"Almost, it hit the tip of the glove," Gordon said. "If it wasn't cold and my glove wasn't stone hard, it might have stayed in. But it just hit the tip of it and came out. If I could've just done it over again, I wish I could, because I was right there in position, ready to make the play."
Instead, the ball dropped into the midst of the happy Chicago bullpen crew for a two-run homer that gave the White Sox a 4-1 lead in the fourth inning.
The Royals could not overcome that, and their season has begun 0-2, certainly not what they envisioned when they burst out of the Arizona desert with the best record and the best batting average in baseball.
In two games, the White Sox have outscored the Royals, 6-2, with all their runs coming on five homers. On Wednesday, starter Ervin Santana gave up three, and reliever Luke Hochevar surrendered the other.
Certainly the two wins buoyed the White Sox's confidence.
"Definitely, especially against a team like Kansas City, and they played us tough these first two games," said catcher Tyler Flowers, who has two of the Sox homers. "Just establishing that, and the pitchers coming out and doing a great job starting and pretty much everybody, the bullpen coming in and doing their thing -- it has been a great start."
The Royals just are not hitting, going 1-for-8 with runners in scoring position Wednesday to delight most of the 14,213 sun-seeking, shivering patrons at U.S. Cellular Field. In the series, they are 2-for-13 with RISP and have stranded 14 runners.
"We will hit," Royals manager Ned Yost said. "The weather is no excuse, because the weather's cold for them, too, but we'll get on track. We can swing the bats, and Jake Peavy was pretty good today, too."
The weather, charitably announced as 43 degrees, certainly did not hinder the White Sox. Adam Dunn blasted a 431-foot homer to right field on Santana's first pitch of the second inning.
Then Flowers, who won Monday's 1-0 opener with a home run, hit the rerun button and led off the White Sox third with a homer to left on Santana's first delivery. Viciedo's homer off Gordon's glove came in the fourth, and Alexei Ramirez, the first hitter to face Hochevar, connected in the seventh.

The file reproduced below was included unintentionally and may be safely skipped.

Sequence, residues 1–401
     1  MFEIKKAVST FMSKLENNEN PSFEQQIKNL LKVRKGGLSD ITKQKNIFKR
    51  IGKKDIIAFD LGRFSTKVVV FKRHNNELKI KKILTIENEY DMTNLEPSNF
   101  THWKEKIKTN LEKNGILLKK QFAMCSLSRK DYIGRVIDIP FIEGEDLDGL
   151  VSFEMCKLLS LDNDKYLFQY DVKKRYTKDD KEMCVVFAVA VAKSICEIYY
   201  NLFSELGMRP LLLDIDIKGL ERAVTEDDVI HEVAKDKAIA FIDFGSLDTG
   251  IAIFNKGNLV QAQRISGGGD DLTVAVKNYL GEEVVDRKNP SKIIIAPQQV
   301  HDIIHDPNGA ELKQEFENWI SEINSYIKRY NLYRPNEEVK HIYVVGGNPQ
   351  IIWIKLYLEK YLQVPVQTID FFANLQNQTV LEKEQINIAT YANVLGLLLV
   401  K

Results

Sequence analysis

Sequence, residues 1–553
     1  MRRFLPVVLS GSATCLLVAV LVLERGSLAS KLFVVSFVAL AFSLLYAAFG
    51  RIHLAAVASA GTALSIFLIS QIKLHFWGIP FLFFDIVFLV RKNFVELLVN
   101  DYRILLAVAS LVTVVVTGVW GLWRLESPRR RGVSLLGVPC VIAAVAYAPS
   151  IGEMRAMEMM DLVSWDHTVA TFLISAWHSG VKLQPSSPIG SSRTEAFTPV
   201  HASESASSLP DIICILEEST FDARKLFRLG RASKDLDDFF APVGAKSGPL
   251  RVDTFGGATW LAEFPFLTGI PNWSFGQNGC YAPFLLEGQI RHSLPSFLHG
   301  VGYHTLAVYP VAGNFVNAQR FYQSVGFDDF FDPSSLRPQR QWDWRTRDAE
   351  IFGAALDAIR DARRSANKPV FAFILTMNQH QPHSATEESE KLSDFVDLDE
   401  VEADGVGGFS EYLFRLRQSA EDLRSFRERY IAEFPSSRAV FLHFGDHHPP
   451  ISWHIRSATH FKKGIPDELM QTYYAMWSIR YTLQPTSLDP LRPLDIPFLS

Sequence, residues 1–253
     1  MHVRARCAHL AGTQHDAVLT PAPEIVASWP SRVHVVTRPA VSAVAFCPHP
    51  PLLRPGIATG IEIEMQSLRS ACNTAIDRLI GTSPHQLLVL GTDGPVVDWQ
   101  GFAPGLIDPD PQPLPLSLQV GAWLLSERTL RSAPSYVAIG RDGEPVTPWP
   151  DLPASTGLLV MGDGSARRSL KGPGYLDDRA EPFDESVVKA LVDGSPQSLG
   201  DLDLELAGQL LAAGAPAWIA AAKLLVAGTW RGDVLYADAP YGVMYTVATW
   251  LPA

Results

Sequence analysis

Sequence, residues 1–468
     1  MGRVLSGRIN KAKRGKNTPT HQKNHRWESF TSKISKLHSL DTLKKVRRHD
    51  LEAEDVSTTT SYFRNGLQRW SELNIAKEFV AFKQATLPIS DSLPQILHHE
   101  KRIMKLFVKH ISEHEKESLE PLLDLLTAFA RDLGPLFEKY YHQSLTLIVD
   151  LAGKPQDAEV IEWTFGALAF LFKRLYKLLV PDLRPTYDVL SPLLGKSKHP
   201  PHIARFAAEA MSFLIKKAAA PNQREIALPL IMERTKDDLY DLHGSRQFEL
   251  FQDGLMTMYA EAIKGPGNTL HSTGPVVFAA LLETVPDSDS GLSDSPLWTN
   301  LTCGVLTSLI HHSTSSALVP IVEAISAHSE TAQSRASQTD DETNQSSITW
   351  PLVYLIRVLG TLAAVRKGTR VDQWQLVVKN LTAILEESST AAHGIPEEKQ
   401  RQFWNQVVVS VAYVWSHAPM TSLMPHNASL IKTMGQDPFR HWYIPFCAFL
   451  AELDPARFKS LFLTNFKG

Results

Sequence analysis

Santana struck out eight and gave up just five hits, but, of course, three of them left the park.
"I don't know how much the weather plays into anything," Yost said. "In Spring Training, he was 92, 94 [mph], today he was 90, 91, but command was really good," Yost said. "Yeah, he's going to give up homers because he throws strikes. ... The majority of his pitches were in really good locations, and the three pitches they hit for home runs were in a pretty good spots."
The Royals' first run of the season came in the third, unearned by virtue of two White Sox errors. Their second run came in the sixth on Gordon's double off left fielder Viciedo's glove and a couple of groundouts.
The Royals' juiciest chance came against the White Sox relievers in the seventh, when Kansas City loaded the bases with one out. But Gordon and Alcides Escobar flied out. And the Royals did not get another runner the rest of the day.
"I'm trying to drive the ball and just didn't get it done, didn't hit it far enough out there," Gordon said. "We've just got to have better hitting. But we went through this last year, where we were in these big situations and it didn't happen. So, hopefully, we learned from it last year and we can change it tomorrow. Tomorrow's a new day."
That's the tack the Royals were taking after their season had begun with two losses after such a promising time in Spring Training.
"It's just two games into the season, you guys [reporters] act like we've gone 0-162," third baseman Mike Moustakas said. "It's just two games into the season. We're going to be OK. It's a good team, a lot of great players here. ... You can't judge anything off two games."
That's what Yost was thinking, too.
"We couldn't push a run or two across in some of those spots to get us back into the game," he said. "But we'll get on track here real quick."
And if Gordon had just made that catch, who knows what might have happened? Last year on a similar play he went up and came down, belatedly and dramatically revealing that he had caught the ball.
"That was the play I was dreaming to make," he said. "I wish I could do it again."